However, it’s not just institutions and funds that are leveraging trading bots. Individual traders are too. Indeed, trading bots got their first foothold in forex trading as far back as the early 2000s.

According to Techradar, however, the notion to automate trading can be traced back as far as the 1950s to American futures trader Richard Donchian. He pioneered the concept of using a rules-based method of buying and selling funds.

Fast-forward to today, and trading bots are mainstream, widely embraced, and enthusiastically supported by crypto-currency traders. It is estimated that bots now conduct up to 80% of all stock trades.

Though trading bots of one species or another have infiltrated every market, they are particularly popular with crypto-currency traders.

As noted by Investopedia, the main reason behind this is the incredible volatility of crypto-currencies. With prices radically changing often within just a few minutes and the 24/7 nature of the crypto markets, mere humans are at a significant disadvantage.

So why should you use a trading bot:

  • They’re fast and make trading streamlined
  • They can take care of the more mundane, time-consuming tasks
  • You can have eyes on the markets 24/7
  • Automates trading, so you don’t miss any opportunity

However, as Nischal Shetty, CEO of WazirX, notes in, not everything is rose-tinted with trading bots; there are downsides as well.

Trading bots are not infallible in highly volatile and unpredictable markets. Like human traders, trading bots have difficulty dealing with out-of-left-field developments such as the current global COVID-19 pandemic. Events like these are notoriously difficult to predict and gauge how they will affect the economy and how long.

Trading bots are, therefore, no get-rich-quick scheme or a replacement for hard-earned experience. Bots have to be programmed, so traders need to have the requisite knowledge when inputting the conditions under which it operates.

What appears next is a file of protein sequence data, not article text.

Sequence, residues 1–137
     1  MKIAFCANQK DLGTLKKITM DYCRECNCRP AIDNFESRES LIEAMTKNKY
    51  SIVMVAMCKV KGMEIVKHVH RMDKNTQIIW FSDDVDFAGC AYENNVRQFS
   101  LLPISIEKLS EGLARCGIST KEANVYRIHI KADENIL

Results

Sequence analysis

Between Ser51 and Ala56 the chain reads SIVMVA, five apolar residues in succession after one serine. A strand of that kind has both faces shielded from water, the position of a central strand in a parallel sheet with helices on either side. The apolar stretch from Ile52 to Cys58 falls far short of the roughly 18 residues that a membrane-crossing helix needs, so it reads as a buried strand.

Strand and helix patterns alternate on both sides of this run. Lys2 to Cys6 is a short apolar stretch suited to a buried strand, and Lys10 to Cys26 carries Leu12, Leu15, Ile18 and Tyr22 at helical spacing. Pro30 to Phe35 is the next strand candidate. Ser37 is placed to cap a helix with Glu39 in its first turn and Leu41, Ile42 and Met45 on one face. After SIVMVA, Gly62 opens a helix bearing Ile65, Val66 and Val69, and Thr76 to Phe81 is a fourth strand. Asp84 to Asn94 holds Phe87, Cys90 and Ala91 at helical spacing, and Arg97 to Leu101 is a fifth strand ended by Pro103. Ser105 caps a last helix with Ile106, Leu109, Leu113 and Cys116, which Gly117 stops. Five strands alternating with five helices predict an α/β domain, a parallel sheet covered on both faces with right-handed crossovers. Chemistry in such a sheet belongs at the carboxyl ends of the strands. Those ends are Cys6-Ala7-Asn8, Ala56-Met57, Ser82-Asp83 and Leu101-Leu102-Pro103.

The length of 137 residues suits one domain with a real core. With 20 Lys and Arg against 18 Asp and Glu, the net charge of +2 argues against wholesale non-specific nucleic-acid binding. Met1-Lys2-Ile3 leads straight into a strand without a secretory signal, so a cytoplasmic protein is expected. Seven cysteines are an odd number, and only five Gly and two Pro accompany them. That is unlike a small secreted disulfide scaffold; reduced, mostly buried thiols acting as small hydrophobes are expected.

Always bear in mind that trading bots are merely a means to improve your returns marginally. You still need to do the homework and have the necessary market knowledge to make them a success.

With all of this in mind, a interview with Mihir Sukthankar, founder of Traders Circle X (TCX), highlighted that trading bots are today an integral part of building online communities of like-minded traders. Think eToro etc., platforms that have been founded on trading bots to democratize the financial markets and make trading the financial markets accessible to everyone with ten dollars to invest.

TCX, for example, has grown organically thanks to its information platform. It now has in the works BoostedQuant, a machine learning Artificial Intelligence bot that creates algorithms. Users will be able to fine-tune their BoostedQuant bot to fit their trading needs and preferences.

According to Sukthankar, building an online community involves financial journalism, education, analysis, and trading bots.

Though cold and unemotional, these bots are going to be around for a long time. And will only get better as time goes on.

Images Courtesy of DepositPhotos